Is Canada about to face US-style housing meltdown?
Skyrocketing home prices in Canada, particularly in cities like Toronto, are fueling concerns that Canadians are overspending as they assume – as the US did – that real estate prices can only go up.
Actor and broadcaster Jeff Douglas says he knows there are “more responsible” things to do than take on a mortgage he will likely have to pay until he turns 70.Skip to next paragraph
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But that didn’t stop him and his wife, interior painting contractor Ana Maria Diez, from charging headlong into the battleground that has become the Canadian real estate market.
Mr. Douglas and Ms. Diez fell in love with and purchased a 1,300-square-foot duplex in a middle-class west Toronto neighborhood last month for $632,000. Like an increasing number of Canadian buyers, they sealed the deal after duking it out with several other couples who also wanted the house. They placed no conditions on their contract and finally paid 112 percent of the original list price of $555,000.
“It was one of the last houses I think we’d have a shot at because the price of houses in Toronto goes up every week so it was definitely a now or never situation,” says Douglas. “At $625,000 ($632,000 in US dollars) we feel like we got a bargain.”
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Douglas and Diez may feel lucky. But house purchases like theirs are increasingly fueling concerns that, like their American neighbors a few years ago, Canadians are spending themselves into financial disaster.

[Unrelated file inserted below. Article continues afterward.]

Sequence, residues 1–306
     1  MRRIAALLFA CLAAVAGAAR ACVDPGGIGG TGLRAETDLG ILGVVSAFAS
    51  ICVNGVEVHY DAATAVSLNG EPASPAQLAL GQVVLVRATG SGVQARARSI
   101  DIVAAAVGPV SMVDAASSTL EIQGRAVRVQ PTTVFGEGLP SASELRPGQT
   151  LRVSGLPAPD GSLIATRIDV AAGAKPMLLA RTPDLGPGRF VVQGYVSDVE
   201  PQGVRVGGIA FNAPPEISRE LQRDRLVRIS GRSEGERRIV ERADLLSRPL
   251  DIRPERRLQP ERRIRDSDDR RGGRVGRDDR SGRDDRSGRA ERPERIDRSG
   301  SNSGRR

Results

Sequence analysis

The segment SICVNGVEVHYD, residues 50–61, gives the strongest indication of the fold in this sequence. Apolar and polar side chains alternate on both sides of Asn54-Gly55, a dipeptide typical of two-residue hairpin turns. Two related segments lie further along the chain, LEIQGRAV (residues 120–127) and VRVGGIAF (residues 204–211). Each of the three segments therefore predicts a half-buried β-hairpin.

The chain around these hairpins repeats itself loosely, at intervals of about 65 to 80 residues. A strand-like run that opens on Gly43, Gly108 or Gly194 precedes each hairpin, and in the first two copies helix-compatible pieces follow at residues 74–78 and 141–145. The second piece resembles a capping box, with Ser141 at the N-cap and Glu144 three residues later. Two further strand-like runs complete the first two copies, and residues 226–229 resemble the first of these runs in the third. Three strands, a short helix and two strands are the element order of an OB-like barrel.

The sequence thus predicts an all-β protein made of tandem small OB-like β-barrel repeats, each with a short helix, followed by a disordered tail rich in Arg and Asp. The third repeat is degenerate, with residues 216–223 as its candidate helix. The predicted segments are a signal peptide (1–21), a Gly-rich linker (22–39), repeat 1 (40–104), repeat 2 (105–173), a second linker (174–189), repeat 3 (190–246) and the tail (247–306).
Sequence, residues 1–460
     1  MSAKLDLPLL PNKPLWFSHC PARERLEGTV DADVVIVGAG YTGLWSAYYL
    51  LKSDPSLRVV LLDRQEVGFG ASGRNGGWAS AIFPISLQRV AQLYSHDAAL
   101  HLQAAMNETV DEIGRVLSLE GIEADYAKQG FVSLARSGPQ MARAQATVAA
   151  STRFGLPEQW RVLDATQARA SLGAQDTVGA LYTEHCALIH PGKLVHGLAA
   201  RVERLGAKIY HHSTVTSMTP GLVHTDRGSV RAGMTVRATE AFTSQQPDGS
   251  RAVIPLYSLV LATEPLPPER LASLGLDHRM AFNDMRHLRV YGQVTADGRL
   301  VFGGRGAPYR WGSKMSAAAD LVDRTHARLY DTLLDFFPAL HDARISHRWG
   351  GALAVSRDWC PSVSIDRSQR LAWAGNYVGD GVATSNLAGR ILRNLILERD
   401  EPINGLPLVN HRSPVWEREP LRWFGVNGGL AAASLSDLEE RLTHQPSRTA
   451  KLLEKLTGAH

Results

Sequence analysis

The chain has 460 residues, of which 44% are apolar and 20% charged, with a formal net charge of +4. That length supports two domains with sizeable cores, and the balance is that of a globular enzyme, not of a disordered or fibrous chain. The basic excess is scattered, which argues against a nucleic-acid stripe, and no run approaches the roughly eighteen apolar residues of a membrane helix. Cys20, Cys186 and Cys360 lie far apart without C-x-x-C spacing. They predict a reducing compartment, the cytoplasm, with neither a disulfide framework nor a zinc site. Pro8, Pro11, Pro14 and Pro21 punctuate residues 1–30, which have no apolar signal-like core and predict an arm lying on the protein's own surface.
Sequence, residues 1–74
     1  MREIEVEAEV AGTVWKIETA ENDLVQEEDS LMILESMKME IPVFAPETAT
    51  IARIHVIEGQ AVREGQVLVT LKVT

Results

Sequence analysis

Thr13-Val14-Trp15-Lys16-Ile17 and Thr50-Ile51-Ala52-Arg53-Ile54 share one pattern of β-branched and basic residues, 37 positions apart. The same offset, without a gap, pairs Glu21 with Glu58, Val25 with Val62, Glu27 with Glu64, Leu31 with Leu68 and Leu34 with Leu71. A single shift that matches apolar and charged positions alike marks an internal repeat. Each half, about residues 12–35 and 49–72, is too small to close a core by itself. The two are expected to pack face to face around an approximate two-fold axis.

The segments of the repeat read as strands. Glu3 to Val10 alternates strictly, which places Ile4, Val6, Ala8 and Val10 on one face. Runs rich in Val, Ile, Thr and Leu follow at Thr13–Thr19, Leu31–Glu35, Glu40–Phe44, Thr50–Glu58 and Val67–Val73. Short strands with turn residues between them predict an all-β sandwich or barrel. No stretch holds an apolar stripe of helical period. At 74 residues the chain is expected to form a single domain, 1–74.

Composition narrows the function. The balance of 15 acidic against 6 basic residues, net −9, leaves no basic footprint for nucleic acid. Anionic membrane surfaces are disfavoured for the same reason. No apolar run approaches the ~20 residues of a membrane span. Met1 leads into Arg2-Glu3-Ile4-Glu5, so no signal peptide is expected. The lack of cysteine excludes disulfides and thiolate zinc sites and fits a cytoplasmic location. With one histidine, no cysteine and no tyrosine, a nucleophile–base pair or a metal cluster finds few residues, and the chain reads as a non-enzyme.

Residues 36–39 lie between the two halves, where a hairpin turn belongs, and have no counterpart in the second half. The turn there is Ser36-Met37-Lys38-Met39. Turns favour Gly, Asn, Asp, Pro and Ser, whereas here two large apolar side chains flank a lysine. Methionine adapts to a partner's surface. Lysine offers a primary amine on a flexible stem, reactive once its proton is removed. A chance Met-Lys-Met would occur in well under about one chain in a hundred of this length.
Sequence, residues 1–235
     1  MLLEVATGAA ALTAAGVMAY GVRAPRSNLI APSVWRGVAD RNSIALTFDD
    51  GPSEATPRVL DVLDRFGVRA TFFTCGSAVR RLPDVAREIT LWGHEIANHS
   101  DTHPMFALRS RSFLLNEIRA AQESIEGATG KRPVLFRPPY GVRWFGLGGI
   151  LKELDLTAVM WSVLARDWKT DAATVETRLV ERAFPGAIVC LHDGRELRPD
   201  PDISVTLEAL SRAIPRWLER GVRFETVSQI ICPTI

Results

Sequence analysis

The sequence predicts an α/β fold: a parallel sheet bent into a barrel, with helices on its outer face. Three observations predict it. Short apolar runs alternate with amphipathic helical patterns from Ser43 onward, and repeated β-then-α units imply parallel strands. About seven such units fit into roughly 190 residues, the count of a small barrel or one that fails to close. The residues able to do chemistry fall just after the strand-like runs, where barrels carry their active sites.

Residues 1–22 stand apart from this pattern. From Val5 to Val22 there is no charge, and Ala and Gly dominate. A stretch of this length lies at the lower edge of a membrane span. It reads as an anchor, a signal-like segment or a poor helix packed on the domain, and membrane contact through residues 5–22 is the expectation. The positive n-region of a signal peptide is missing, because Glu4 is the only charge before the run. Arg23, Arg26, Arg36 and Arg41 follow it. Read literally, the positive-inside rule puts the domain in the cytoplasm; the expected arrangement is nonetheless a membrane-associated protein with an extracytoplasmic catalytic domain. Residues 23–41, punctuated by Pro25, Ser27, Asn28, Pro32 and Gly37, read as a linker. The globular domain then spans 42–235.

“What we are seeing is the irrational exuberance that was present in the US,” says David Madani, a former Bank of Canada analyst now with the consultancy Capital Economics. “It has all the symptoms of a disaster waiting to happen.”
Fueled by record low interest rates – earlier this winter, major Canadian banks offered five-year, fixed-term mortgage loans for just under 3 percent (the average for a five-year term is 3.49 percent) – and an economy that was largely unaffected by the 2008 economic crisis, real estate prices in Canada have taken a steep turn upward.
Nationwide, they have nearly doubled in the last 10 years, to an average of about $373,000. In some large cities, such as Toronto and Vancouver, they are up more than 10 percent year over year. Stories of bidding wars, like the one this winter in which a young woman paid $1.18 million, or more than $400,000 over the asking price, for a suburban Toronto bungalow, have become common.
Although buyers seems convinced that real estate prices can only go up, Mr. Madani, along with the International Monetary Fund, the Economist magazine, and various independent and bank economists, warns they are already overvalued by as much as 25 percent. Madani warns they are likely to drop by at least that much over the next few years. If that happens, he says, the drop in consumer spending and investment in housing would likely be dramatic enough to push the economy into recession.
“If credit tightens tomorrow, the game is over,” adds Ben Rabidoux, an analyst with the US real estate market research firm M Hanson Advisors and the author of the website The Economist Analyst. “I think we will see a decade of stagnant returns and a stagnant economy.”